Ford's own background is racially ambiguous and she has devoted much of her time writing a blog about her family history, "Finding Josephine."
Her grandfather was the grandson of a slave and her master.
"There was so much intermixing going on that it got to the point where it was easy for people who didn't have much black blood to pass as white," said Ford. That was the case with her grandfather, who "looked totally like a white man."
"When I asked him if he was white, he was very clear that he would not have ever called himself biracial or anything like that. One has to understand he came up in a time that if he had tried something like that there would have been a punishment for being caught passing."
Sometimes, he pretended to be white to get better-paying jobs. "Not as a CEO job, but for his dignity, so he could walk through the front door," she said.
Ford is critical of the racial tug-of-war between Halle Berry and her husband.
"When a child sees how inflamed either parent gets about her race, that sends a message that something is wrong," she said. "There is always potential damage to the child, getting the message that it's not OK to be either black or white."
Ford's husband, Dennis Kurrti, said he doesn't "draw a line in the sand" about his children's racial identity the way Halle Berry did.
"They probably qualify as black by any census," Kurrti, a 52-year-old property manager, said of his girls. "I tell my daughters, it's ridiculous to assume everybody doesn't have blood from everybody else."
Melissa Harris-Perry, a professor of politics and African-American studies at Princeton University, was raised in a racially charged South. Her mother was white and her father was black.
"I was born fewer than 10 years after the 1965 Voting Rights Act," she said. "My mother was from the West and when she first came, she said, 'Why are there two pools?' My father said, 'Jim Crow, Diana, Jim Crow.'"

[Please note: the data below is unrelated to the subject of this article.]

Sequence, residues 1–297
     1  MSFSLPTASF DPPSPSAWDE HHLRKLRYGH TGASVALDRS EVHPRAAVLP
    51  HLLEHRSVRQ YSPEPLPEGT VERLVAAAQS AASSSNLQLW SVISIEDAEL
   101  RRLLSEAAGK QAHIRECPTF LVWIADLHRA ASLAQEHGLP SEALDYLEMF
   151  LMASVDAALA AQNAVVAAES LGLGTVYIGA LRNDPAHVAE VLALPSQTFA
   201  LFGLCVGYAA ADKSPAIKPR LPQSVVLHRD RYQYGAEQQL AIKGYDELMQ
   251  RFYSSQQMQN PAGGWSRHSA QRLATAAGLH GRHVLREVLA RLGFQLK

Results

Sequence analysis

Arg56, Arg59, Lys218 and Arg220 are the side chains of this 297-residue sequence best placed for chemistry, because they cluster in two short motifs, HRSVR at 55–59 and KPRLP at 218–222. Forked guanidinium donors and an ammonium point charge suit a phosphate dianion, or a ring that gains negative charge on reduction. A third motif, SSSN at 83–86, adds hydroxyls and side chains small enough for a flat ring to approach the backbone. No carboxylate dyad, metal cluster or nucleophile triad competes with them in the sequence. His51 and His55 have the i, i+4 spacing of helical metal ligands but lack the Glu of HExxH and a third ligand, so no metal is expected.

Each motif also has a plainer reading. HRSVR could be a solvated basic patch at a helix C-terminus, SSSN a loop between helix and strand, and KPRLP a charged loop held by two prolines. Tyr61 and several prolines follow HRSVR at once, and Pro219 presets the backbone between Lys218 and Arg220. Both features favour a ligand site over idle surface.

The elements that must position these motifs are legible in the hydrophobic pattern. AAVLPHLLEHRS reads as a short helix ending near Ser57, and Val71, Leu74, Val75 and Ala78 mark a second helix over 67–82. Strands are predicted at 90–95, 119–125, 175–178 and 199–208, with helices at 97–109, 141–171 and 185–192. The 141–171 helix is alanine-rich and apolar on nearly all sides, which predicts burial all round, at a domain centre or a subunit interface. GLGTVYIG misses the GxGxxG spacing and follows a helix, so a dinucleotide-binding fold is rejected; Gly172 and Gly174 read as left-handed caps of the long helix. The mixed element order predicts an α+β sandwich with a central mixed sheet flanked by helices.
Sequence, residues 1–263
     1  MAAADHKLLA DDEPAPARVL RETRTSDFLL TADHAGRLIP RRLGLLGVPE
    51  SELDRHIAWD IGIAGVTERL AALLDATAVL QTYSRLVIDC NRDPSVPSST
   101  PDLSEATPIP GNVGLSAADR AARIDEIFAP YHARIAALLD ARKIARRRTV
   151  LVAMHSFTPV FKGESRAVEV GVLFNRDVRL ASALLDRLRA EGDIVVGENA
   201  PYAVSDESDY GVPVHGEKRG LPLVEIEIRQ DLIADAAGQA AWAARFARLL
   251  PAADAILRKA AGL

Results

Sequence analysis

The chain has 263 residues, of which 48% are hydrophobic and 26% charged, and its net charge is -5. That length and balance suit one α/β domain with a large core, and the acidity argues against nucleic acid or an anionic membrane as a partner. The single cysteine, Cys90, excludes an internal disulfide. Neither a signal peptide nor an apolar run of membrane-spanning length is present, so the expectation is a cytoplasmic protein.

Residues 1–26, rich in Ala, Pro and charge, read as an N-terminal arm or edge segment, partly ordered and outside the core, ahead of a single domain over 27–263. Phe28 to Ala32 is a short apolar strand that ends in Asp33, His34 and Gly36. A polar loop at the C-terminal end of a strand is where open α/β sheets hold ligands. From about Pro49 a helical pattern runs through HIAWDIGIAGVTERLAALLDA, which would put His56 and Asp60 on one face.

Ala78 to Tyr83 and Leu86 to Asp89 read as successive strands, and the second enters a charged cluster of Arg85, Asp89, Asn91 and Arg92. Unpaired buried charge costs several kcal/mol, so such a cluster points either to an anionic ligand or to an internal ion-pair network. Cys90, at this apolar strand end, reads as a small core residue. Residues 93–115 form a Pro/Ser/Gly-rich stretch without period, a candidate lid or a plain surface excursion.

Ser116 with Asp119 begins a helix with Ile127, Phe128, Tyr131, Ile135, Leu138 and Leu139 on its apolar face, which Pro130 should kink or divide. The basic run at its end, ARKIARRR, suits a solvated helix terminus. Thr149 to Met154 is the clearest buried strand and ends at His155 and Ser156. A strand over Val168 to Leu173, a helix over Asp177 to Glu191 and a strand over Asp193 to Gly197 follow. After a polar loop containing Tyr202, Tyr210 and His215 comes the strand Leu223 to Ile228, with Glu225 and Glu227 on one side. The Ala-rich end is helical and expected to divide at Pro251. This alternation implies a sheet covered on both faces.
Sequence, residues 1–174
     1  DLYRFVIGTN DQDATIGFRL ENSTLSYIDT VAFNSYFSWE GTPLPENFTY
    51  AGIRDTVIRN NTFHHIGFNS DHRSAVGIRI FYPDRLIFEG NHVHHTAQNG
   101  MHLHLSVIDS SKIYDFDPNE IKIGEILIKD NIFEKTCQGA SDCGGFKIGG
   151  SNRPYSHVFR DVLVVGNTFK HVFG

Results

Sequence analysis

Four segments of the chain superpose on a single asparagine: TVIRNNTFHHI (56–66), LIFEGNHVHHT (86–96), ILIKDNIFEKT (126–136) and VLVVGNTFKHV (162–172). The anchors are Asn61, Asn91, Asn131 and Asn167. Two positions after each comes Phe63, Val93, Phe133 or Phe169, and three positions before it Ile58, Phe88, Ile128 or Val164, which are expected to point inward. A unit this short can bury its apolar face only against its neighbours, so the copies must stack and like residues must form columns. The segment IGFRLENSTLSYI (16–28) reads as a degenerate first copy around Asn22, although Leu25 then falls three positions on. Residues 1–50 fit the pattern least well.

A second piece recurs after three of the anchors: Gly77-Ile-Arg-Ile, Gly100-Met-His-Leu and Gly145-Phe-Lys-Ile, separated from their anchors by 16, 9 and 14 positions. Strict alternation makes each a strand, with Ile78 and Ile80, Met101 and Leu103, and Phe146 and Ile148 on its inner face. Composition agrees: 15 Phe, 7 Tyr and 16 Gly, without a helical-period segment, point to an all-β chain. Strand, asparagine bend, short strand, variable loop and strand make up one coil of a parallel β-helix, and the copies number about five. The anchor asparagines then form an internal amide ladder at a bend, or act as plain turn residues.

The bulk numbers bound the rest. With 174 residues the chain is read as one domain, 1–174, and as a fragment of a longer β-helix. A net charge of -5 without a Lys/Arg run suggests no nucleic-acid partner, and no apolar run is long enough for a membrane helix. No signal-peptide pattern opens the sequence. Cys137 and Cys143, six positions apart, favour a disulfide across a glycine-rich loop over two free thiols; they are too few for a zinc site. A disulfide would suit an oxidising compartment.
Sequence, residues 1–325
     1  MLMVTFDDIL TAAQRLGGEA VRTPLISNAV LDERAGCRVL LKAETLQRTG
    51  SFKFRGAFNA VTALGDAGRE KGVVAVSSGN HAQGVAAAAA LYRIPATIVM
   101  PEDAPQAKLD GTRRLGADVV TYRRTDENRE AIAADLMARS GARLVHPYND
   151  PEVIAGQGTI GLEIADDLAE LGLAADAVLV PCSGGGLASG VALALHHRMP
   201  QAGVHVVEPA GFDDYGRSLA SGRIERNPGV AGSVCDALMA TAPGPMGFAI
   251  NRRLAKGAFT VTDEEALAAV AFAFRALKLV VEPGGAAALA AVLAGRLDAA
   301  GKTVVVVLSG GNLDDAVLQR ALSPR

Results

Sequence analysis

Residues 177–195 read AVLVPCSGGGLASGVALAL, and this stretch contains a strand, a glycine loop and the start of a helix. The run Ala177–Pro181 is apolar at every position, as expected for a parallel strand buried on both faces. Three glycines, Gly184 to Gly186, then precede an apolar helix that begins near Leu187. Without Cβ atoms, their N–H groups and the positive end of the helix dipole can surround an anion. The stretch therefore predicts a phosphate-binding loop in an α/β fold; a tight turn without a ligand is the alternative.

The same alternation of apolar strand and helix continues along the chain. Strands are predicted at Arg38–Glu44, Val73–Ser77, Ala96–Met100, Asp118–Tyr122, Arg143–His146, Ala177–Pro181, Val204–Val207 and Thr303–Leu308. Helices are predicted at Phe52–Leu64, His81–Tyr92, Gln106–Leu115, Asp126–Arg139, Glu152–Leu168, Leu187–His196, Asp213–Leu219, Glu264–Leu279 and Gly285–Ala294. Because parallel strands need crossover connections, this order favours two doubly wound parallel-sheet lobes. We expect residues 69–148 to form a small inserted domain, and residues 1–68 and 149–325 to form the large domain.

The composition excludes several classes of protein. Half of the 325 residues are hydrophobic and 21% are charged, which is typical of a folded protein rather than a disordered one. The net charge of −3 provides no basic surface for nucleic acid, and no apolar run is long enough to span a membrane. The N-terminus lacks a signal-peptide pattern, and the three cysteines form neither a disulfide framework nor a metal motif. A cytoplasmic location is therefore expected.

The term biracial was unheard of then. Today, Americans come in all colors and ethnicities. But the word "biracial" is "meaningless because race and culture and language and identity are all a social construct," said Harris-Perry.
The "most contested" biracial construct is being black and white," she said. "This sounds nuts, but it's impossible to achieve whiteness."
"When people passed at the turn of century, it was because there were real and violent and political consequences to being a person of color," she said. "They passed with great danger and fear and cost. You risked everything -- marriage, job and economic security. You can't just tick off white as an identity that has been protected and policed and legislated for hundreds of years. It carries with it a package of privileges and opportunities."
Linda Tropp, associate professor of psychology at the University of Massachusetts with a specialty in prejudice and group relations, recognizes that African-Americans still struggle with race, but that one day it might change.
At one time during the 20th century, the Irish were considered the "missing link" between apes and humans, a attitude that was described in the book, "How the Irish Became White," said Tropp.
Italians and Jewish Americans faced similar attitudes.
"In the future, when we become more a multiethnic and multifaceted society, there might not be a term white -- or it won't mean the same thing as it does now."
"I'm not being overly optimistic or blind to reality," she said. "But the significance and rigidity may change over time."